Sage FoodCycler Review: Easily turn your food waste into fertilizer

We tested Sage’s new FoodCycler to see if really can reduce food waste

Sage FoodCycler
(Image: © Sage)

Tom's Guide Verdict

The FoodCycler effectively broke down our food waste with minimal noise. Compared to composting, it’s quick to use and doesn’t smell to store. It’s a bit small for a large family though.


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    It works, food waste was broken down

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    Very easy and quick to use

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    Quiet in use


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    Comes with a steep price tag

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    Wouldn’t suit a large family

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    Not good for vegetable gardens

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More and more of us are trying to be as sustainable as we can. Whether we’re recycling, saving energy or reducing waste. That’s why any new products which come along to help us achieve a more sustainable lifestyle are welcomed with open arms. 

Enter the Sage FoodCycler. This appliance promises to reduce food waste by more than 80% in as little as 4 hours. It does this by breaking it down into a soil amendment which Sage calls “EcoChips.” These chips can either be directly binned or incorporated into your garden as a fertilizer. Either way, you’re reducing your food waste footprint. 

To use the FoodCycler, you simply tip your food waste into the internal bucket, lock the lid and press go. It sounds almost too good to be true, so we had to review the Sage FoodCycler to find out for ourselves.

 Sage FoodCycler review: Price and Availability 

The FoodCycler was released in May 2021 and is currently on sale for £399.95 from Sage in the UK, whose parent company is Breville. With each FoodCycler you receive a removable 2L bucket with agitators, a set of EcoFilters with guides, a locking lid for the main unit and a separate bucket lid. With regular use, the filters will need to be replaced every 3-4 months (500 Cycle hours) and these can be purchased from Sage for £34.95. The separate bucket lid also contains a carbon filter which Sage recommends replacing every 2-3 months to help reduce odours. These cost £10.20 from Sage

A very similar model is also available from Vitamix in the US for $399.95.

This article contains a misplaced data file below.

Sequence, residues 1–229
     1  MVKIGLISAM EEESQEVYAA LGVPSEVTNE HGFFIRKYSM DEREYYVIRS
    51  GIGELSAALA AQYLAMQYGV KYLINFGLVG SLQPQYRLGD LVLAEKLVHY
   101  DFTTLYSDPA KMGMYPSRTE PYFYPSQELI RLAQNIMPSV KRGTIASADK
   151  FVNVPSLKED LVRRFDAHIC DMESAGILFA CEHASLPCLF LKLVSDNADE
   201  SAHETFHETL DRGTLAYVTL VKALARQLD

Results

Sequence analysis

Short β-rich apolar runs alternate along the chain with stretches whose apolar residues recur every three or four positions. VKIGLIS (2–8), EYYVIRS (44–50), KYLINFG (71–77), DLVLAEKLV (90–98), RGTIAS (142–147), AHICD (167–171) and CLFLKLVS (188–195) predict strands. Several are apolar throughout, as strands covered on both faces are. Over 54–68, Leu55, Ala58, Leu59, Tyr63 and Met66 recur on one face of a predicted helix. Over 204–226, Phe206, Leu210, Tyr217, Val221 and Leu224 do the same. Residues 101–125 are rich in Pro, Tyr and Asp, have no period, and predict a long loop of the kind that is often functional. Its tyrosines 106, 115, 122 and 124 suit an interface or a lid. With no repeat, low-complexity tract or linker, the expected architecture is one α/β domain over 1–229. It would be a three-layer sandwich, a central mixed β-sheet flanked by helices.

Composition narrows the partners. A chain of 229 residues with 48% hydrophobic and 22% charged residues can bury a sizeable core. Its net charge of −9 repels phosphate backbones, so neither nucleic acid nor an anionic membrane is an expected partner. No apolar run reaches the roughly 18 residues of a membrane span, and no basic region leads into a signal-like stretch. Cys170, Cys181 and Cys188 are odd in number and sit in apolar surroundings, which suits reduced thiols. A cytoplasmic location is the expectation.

What is the FoodCycler? 

Sage’s FoodCycler is essentially a small, fast-acting compost bin which is designed for household-use. It reduces up to 2L of food waste to 0.34L of dry soil amendment which Sage calls EcoChips.These EcoChips claim to reduce our food waste footprint by over 80% and can be binned or used in the garden. To produce these chips, the FoodCycler dehydrates, grinds, and cools your food waste. Depending on the type of food, the entire process can take anything from 4½ hours to 8½ hours. At the end of the cycle, an audible noise lets you know it’s finished and ready to empty. It’s worth mentioning that the chips are not ideal for the garden if you grow food; any food which comes into contact with the incorporated soil cannot be eaten for 90 days after application. 

It’s a compact machine, measuring less than 40cm in height, and contains a removable 2L porcelain-coated bucket which holds the food waste. It comes with two EcoFilters to help filter the odour during a cycle and a secondary lid for the bucket, should you want to store it separately from the main unit. This lid also contains a carbon filter to help reduce any odours. 

Sage FoodCycler: Specs

Capacity: 2L

Dishwasher Safe: Bucket only

Colours Available: Grey

Power: 500w

Size: 36 x 27.5 x 32cm

Warranty: 2 years

Sage FoodCycler

(Image credit: Future)

 Sage FoodCycler Review: Design and Ease of Use 

On first setting up the FoodCycler, there was a fair amount of internal packaging. This included stickers on the top of each filter in the back of the unit, which was awkward to reach, so the filters needed to be removed. 

Once packaging was removed, it was quick and straightforward to set up. All of the parts fitted together easily and it wasn’t too heavy to carry to position, weighing just over 12kg. It is worth flagging that the FoodCycler does need a power source, so bear in mind you will need an outlet nearby. Sage has supplied a secondary lid just for the bucket in case you can’t place the unit in a convenient location. This means you can store the bucket separately and then carry it back to the machine once full. 

If you’re storing the main unit in the kitchen, it’s quite compact, measuring less than 40cm in height, width and depth. The bucket itself is even smaller so there’s little to complain about in terms of storing it. The small size of the bucket does mean you can fill it quickly if you have a lot of food waste, so this potentially wouldn’t suit larger families. It was a perfect size for me and my partner — we ended up running it about once a week. It also features a very sleek and modern appearance without being too obtrusive, so would fit in with most kitchens.